Subject: Re: Wanted: Sumac Tea Recipe
From: eschulz.uoft02.utoledo.edu Beth
Date: Tue, 1 Aug 1995 04:28:59 GMT
altair4.pcnet.com (David Hickey-Schiappa) writes:
>Jack Coghill (jcoghill.superior.carleton.ca) wrote:
>: I once read a recipe for Sumac Tea, produced using the berries. I would like if someone could refresh my memory. It is probably a simple infusion, but at what stage of maturity should the berries be at, ratios of berry weight to water? etc. [break]
> I've read that you just soak the ripe (red) berries in water for a few hours. Supposed to taste something like pink lemonade. Good luck.
Make sure the water is ice cold, otherwise the tea will be very bitter.
Also, it helps if you rub the berries together gently.
From: dww5.psu.edu (Dale Woika)
>Make sure the water is ice cold, otherwise the tea will be very bitter.
>Also, it helps if you rub the berries together gently.
Also--very important--strain the infusion through several layers of cheesecloth or filter paper (i.e. coffee filter) to remove the very irritating & persistent hairs found on the berries.
Use the berries as soon as they are a deep crimson color; waiting to harvest is inviting them to get rained on, which tends to wash out the flavor. The taste is sort of an astringent-lemony flavor, and actually somewhat good. I suggest using good water to make the infusion (filtered or bottled) as chlorine tends to degrade the very subtle fruity essence of the brew.
From: Marylin.bbs.c4systm.com (Marylin Kraker)
> I once read a recipe for Sumac Tea, produced using the berries. I would like if someone could refresh my memory. It is probably a simple infusion, but at what stage of maturity should the berries be at, ratios of berry weight to water? etc.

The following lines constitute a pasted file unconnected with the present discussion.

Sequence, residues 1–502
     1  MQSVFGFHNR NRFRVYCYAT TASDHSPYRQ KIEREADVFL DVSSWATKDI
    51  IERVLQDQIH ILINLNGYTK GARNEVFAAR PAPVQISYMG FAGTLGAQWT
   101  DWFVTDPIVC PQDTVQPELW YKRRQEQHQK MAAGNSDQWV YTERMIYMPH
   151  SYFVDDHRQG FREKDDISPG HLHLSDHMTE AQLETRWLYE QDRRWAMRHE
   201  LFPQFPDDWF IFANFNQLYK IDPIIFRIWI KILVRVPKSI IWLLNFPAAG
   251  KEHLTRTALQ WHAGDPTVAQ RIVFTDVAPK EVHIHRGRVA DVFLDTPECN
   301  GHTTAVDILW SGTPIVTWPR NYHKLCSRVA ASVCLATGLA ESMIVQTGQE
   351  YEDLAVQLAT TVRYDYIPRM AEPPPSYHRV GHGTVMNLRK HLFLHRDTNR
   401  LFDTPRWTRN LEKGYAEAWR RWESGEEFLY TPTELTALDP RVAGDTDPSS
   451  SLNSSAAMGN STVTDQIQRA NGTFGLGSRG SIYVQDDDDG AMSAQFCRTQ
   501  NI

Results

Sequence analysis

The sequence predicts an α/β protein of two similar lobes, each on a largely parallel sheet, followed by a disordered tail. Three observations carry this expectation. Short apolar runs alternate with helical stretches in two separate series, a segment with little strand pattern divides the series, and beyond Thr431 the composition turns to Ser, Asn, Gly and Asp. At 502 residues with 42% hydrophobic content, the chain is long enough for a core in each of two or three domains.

The old --Stalking the Wild Asparagus-- says to pick the red blossom heads when it hasn't rained for a while -- the rain washes off the malic acid you're after. The recipe calls for pulverizing them in water, soaking, then straining to get out all the solids and little hairs.
I put a bunch in my food processor and covered with water, then pulverized. Left them to soak for a while, then strained. All it needs is a bit of sweetening.
The book also says you can dry the blossom heads so you can make the drink in the winter, too. Plan to try that, as we have LOTS of sumac here.
From: Frederic Bruno <bruno.brunolaw.com>
No need to go through all that bother. Just half fill a big stainless or other non-reactive container with the ripe berry clusters. Fill with cold water. Compress and rub all the berries with your hands. A good sign that you're done is when most of the berries are separated from the stems. Let sit for an hour or two. Then add sugar to taste directly into the container. Strain into bottles, etc with cheese-cloth funnels. Refrigerate. Excellent.